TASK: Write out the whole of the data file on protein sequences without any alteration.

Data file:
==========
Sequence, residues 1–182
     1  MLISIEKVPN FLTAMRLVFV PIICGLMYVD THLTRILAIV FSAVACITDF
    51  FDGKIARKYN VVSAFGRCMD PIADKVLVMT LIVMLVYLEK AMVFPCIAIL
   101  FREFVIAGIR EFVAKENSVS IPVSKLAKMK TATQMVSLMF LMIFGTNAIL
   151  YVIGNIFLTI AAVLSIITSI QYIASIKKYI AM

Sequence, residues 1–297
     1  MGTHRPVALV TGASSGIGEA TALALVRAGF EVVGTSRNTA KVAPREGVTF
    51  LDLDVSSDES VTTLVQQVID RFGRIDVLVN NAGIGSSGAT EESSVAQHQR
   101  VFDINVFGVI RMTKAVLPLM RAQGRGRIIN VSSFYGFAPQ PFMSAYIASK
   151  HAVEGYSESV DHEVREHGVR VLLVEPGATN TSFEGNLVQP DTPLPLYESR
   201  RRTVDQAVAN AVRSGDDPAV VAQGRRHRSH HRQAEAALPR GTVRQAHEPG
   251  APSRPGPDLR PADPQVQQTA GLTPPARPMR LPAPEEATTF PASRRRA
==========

Sequence, residues 1–182
     1  MLISIEKVPN FLTAMRLVFV PIICGLMYVD THLTRILAIV FSAVACITDF
    51  FDGKIARKYN VVSAFGRCMD PIADKVLVMT LIVMLVYLEK AMVFPCIAIL
   101  FREFVIAGIR EFVAKENSVS IPVSKLAKMK TATQMVSLMF LMIFGTNAIL
   151  YVIGNIFLTI AAVLSIITSI QYIASIKKYI AM

Sequence, residues 1–297
     1  MGTHRPVALV TGASSGIGEA TALALVRAGF EVVGTSRNTA KVAPREGVTF
    51  LDLDVSSDES VTTLVQQVID RFGRIDVLVN NAGIGSSGAT EESSVAQHQR
   101  VFDINVFGVI RMTKAVLPLM RAQGRGRIIN VSSFYGFAPQ PFMSAYIASK
   151  HAVEGYSESV DHEVREHGVR VLLVEPGATN TSFEGNLVQP DTPLPLYESR
   201  RRTVDQAVAN AVRSGDDPAV VAQGRRHRSH HRQAEAALPR GTVRQAHEPG
   251  APSRPGPDLR PADPQVQQTA GLTPPARPMR LPAPEEATTF PASRRRA